The Russian Defense Minister, Army General Sergey Shoigu, has affirmed that Nicaragua, Cuba and Venezuela, Russia’s allies in Latin America, require “now more than ever” the support of Moscow to face what he has cataloged as ” threats “, including” the open use of military force “against those nations, which maintain a tense relationship with the United States. Shoigu has not specified whether the three countries have officially made a request for aid, but in a speech given on Wednesday during a conference on international security held in Moscow, the minister referred to the military support that the power has previously given to its members. Latin American allies.
Political crisis in Nicaragua
“Historically we have established association relations with Cuba, Nicaragua, Venezuela and other countries. They have been resisting various forms of pressure, even the threat of the open use of military force for many years. Russia’s support is required now more than ever, “the official said in remarks. released by the state agency Tass. Shoigu also made reference to the support that Russia can give the region to fight organized crime. His statements are given on the same day that the Foreign Relations Committee of the United States Senate approved a law, baptized as RENACER, which imposes sanctions on Daniel Ortega’s regime in Nicaragua. The rule includes a section that allows the Biden Administration to gather intelligence information on Russia’s activities and interests in the Central American country.
The Ortega government has developed a close relationship with Russia since the Sandinista returned to power in 2007. In fact, one of the first – and few – visits that Ortega has made abroad as president was to Moscow in December 2008. This fueled old resentments in Washington, given that the former Soviet Union was a strategic ally of Nicaragua at the time of the Sandinista revolution, in the eighties. “The support of Moscow and the countries of Eastern Europe were fundamental at the time of the revolution to sustain the internal conflict. Russia provided weapons and training and other resources for that war, although we have never known exactly the amounts or resources that were managed with that help, ”explains Nicaraguan sociologist Elvira Cuadra, specialist in conflict analysis and security.
Russian President Vladimir Putin stunned in 2014 when he paid a surprise visit to Managua as part of his Latin American tour. Putin was received on that occasion at the International Airport of the Nicaraguan capital by Ortega and his wife, Rosario Murillo, in addition to senior officials from the Army and the National Police. Ortega, who welcomed Putin with the embrace of comrades, had already winked at Moscow to show his loyalty: it was one of the few countries to recognize the independence of the separatist Georgian regions of Abkhazia and South Ossetia. Ortega also backed Putin’s policy on the Ukraine crisis and criticized the sanctions imposed by the West against Moscow at the time.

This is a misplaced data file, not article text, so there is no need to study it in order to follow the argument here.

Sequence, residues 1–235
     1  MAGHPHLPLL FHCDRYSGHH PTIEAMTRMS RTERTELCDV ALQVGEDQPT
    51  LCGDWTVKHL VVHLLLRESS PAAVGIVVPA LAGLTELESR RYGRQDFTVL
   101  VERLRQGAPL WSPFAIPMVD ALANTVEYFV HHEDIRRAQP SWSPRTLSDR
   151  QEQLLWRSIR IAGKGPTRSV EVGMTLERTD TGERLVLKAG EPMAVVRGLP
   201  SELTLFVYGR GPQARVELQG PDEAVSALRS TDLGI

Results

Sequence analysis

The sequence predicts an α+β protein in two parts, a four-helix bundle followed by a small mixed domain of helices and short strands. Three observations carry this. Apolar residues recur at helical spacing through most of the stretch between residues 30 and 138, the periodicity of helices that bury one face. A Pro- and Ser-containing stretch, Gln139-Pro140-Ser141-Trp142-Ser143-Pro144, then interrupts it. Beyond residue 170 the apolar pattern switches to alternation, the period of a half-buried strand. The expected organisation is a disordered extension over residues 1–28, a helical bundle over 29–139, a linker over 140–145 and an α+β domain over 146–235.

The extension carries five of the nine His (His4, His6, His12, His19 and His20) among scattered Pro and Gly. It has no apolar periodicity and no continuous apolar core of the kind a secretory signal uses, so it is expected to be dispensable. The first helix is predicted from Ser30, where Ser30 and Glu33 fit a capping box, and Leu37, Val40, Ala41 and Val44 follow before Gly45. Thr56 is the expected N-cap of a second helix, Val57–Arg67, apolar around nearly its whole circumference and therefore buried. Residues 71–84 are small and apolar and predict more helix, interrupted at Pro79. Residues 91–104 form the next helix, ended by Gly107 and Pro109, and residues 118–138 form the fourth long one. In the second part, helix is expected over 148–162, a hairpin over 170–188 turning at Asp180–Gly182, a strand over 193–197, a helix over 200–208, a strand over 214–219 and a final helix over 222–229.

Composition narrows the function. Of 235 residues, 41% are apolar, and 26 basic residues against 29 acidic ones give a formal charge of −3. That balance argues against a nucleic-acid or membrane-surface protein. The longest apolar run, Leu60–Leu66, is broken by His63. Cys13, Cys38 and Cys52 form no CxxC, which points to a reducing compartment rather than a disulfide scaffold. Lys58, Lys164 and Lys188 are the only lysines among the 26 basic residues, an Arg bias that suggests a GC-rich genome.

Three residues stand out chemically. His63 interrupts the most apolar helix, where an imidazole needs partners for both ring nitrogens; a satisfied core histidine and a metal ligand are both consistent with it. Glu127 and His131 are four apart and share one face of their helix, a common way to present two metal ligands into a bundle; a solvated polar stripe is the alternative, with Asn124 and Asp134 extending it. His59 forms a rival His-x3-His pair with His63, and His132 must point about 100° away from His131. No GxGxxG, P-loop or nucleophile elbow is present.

In exchange for these diplomatic support, the Russian leader financed a military training center for the fight against drug trafficking that has been built in Managua, as well as aid for the strengthening and modernization of the Army and 26 million dollars to deal with natural disasters. Eight years later, in 2016, Russia officially reported that it was sending to Nicaragua a first batch of 20 T-72B war tanks, out of a total of 50, at a cost of 80 million dollars, under the so-called agreement of “ technical-military cooperation ”between both nations. The Russian information agency RIA Novosti He assured that Russia had already supplied the Central American country with 12 ZU-23-2 antiaircraft defense systems, two Mi-17V-5 helicopters, as well as “a batch” of armored vehicles. The orders from Nicaragua to Russia included four patrol boats, at a cost of approximately $ 45 million. In 2019, in the midst of the crisis unleashed by Ortega’s repression against the protests that demanded the end of his mandate, Putin sent a letter in which he called the ex-guerrilla “dear friend, brother” and assured that Nicaragua “will always be able to count on the help from Russia ”.
“There was no explanation to understand the reason for the purchase of those Russian tanks, or where the funds came from,” explains Cuadra. “There have been military personnel who are receiving training in Russia in military schools and exchanges of military personnel between the two countries are also maintained,” he says. Shoigu’s statements, the expert continues, “constitute a political endorsement of Ortega and the Nicaraguan Army” when the Managua regime is isolated internationally and suffers sanctions imposed by the United States and the European Union. “The RENACER law has included a specific point of interest in relation to Nicaragua and Russia and marks a series of issues that the United States will be monitoring, mainly military relations, because [la ley] it allows the United States to request periodic reports on how these relations are managed ”, explains Elvira Cuadra. “Shoigu’s statements place Nicaragua once again in the spotlight of the alarms in Latin America and particularly in the United States. These statements are likely to raise Washington’s level of concern in Central America, which may fall back into a perverse pattern of disputes between powers, “the analyst concludes.
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